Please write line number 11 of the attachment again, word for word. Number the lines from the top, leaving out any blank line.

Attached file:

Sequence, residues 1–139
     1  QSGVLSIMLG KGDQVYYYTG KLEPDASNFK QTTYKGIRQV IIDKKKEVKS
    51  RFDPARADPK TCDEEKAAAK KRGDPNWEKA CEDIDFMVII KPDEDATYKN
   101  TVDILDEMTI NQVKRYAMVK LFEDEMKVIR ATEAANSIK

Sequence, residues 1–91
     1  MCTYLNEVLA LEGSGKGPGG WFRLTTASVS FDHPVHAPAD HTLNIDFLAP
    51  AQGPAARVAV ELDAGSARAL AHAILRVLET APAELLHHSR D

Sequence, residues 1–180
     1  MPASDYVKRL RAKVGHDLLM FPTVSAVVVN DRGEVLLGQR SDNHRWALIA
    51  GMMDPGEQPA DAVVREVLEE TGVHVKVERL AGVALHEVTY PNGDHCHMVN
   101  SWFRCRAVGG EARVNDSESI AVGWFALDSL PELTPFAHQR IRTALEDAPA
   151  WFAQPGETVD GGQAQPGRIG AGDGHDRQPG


   101  SWFRCRAVGG EARVNDSESI AVGWFALDSL PELTPFAHQR IRTALEDAPA